“I don’t like when people say, ‘We need it by this. We need it by that. Do this, do that.’ What I’m committing to you is, like Dr. Cash said, we are planning on having many groups and meetings to solicit feedback," Brown-Hall said. “If there are times when parents felt they weren’t included, they better believe that going forward they’ll be included at an even greater percentage because we do want to have those meetings.”
The district also posted two tweets Monday that said to expect the dates for community meetings to be announced “in the near future” and that the conversations will take place “throughout August.”
Brown-Hall also committed to publicly release data from the family surveys the district has sent out during the pandemic, including one on the question of reopening, which parent leaders said they have not seen. He did not provide a specific date for doing so.
Monday’s event concluded with a confrontational exchange between Brown-Hall and Rumore, the longtime president of the Buffalo teachers’ union, which called for the removal of district administrators in charge of the reopening process last week.
"We had a seat at the table, but what good is a seat at the table if no one’s listening to you?" Rumore said. “Having a seat at the table is meaningless if you don’t get any input.”
“I don’t want the public to listen to your lies,” Brown-Hall responded, before Bauer Walker stepped in to say, “Gentlemen, we’re not gonna go here today.”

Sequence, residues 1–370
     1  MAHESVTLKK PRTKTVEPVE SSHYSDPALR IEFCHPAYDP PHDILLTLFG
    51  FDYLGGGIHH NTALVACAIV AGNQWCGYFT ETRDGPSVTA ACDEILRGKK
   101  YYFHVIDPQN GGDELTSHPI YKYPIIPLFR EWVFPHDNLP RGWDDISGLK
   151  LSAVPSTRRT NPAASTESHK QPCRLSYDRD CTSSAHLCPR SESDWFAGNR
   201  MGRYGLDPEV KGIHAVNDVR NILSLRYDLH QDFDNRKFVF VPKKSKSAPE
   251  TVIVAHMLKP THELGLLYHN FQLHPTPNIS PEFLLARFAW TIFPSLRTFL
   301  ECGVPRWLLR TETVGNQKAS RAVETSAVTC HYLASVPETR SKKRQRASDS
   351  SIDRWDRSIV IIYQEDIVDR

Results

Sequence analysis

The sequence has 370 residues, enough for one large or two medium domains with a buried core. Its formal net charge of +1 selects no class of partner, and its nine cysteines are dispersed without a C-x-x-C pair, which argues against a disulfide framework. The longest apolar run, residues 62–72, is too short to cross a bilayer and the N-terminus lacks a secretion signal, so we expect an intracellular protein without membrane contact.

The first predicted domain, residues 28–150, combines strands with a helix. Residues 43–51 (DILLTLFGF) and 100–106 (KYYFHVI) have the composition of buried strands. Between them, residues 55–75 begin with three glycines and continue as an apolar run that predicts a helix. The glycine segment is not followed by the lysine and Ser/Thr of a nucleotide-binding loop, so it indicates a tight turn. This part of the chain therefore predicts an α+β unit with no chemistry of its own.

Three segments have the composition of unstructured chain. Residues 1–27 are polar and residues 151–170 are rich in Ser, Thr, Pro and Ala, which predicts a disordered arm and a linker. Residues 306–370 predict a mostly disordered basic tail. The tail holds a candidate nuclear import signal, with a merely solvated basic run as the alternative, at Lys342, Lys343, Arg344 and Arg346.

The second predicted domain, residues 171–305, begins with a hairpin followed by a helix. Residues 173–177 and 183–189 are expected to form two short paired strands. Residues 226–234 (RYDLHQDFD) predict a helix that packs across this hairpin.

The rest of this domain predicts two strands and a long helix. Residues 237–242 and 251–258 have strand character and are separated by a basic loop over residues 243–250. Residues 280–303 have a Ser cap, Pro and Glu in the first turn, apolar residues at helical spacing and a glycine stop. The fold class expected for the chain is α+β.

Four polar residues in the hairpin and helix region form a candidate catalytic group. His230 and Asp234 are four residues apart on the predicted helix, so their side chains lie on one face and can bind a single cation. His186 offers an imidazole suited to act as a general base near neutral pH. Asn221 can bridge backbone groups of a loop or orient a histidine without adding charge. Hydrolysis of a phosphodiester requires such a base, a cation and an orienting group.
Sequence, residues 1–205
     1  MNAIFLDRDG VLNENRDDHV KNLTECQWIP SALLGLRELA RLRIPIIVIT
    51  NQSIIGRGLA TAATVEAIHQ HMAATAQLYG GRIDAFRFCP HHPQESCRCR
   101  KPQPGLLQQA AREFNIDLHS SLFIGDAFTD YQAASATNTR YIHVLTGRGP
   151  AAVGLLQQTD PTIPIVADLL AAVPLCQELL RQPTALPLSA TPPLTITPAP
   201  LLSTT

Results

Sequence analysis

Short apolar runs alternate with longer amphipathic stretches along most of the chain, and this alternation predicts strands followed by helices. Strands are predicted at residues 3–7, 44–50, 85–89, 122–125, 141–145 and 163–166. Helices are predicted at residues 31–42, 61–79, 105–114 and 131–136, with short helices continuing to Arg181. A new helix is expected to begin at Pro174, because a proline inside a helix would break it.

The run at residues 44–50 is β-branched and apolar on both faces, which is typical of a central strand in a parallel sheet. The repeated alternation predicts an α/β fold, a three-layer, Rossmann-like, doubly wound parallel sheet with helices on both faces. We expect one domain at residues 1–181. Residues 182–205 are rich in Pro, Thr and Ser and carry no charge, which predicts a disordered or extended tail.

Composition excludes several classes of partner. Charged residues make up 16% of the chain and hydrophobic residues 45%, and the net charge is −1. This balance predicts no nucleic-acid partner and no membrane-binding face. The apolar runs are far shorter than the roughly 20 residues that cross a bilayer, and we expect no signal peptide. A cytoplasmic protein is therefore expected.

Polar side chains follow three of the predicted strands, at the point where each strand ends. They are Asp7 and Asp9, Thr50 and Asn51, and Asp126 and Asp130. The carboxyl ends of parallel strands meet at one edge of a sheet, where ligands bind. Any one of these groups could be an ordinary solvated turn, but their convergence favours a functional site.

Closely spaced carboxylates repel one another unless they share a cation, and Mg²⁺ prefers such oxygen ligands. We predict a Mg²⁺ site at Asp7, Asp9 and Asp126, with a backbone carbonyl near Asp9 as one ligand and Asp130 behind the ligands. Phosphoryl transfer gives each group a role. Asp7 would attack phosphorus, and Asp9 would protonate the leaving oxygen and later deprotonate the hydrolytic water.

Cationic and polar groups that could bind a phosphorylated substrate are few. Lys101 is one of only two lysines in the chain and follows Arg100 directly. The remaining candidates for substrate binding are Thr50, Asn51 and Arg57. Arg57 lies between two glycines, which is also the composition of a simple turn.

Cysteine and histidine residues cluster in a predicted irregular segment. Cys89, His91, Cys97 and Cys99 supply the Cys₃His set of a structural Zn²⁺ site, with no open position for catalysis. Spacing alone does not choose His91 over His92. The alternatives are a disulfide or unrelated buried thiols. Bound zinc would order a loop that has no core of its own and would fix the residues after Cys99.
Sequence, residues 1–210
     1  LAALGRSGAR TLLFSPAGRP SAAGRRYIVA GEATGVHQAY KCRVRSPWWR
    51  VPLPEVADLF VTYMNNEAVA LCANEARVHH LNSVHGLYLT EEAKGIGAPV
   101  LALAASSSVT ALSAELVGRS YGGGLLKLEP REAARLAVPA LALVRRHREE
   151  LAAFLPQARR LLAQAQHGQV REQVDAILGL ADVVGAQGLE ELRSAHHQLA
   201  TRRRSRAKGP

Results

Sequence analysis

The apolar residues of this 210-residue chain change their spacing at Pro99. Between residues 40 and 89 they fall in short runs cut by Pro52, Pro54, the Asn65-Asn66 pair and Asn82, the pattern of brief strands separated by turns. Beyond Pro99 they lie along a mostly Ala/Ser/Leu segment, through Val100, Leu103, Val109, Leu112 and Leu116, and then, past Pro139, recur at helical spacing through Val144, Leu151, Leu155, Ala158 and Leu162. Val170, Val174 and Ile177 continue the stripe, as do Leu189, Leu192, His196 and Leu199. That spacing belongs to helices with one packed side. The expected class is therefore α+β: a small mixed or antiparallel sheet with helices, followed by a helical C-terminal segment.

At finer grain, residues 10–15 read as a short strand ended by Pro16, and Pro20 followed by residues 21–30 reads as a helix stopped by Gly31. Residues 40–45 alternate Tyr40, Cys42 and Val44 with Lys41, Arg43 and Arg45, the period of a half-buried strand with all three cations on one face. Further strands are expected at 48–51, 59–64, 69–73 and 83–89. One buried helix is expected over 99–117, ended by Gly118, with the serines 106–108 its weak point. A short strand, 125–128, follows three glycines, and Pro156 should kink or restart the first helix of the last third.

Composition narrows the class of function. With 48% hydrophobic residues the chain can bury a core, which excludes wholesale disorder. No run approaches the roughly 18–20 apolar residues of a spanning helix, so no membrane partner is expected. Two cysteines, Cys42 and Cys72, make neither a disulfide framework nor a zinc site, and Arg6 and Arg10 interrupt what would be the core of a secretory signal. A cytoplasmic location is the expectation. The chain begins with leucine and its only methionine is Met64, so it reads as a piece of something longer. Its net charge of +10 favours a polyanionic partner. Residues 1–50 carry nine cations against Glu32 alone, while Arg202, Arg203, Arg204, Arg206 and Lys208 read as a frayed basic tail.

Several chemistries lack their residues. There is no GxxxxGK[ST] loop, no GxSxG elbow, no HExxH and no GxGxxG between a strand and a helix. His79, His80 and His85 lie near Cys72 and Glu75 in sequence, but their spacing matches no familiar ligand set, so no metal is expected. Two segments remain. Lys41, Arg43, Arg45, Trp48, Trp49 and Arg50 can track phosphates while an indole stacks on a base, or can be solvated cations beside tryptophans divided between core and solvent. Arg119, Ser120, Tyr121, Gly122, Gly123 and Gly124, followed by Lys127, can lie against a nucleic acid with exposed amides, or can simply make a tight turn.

After being reminded that it was the parents—and not the district—who called the press conference, the event ended with this exchange between BTF President Rumore and Brown-Hall. Jessica Bauer Walker says, "Gentlemen, we’re not gonna go here today." pic.twitter.com/hcf6jJU7re— Kyle S. Mackie (@kylemackieradio) August 3, 2020
Rumore further mentioned the possibility of a wave of retirements from older teachers this fall if they don’t feel safe returning to physical classrooms, though he did not offer any specific numbers. He also said there are no talks in Buffalo of a potential teachers’ strike for now. Some of the country’s largest teachers’ unions have said they will support “safety strikes” as a last resort if teachers don’t think their districts can safely reopen as the coronavirus pandemic continues to worsen across much of the U.S.
New York Governor Andrew Cuomo is expected to announce whether New York school districts can reopen fully or just partially this week. He also said Monday that districts need to do more to address parent concerns.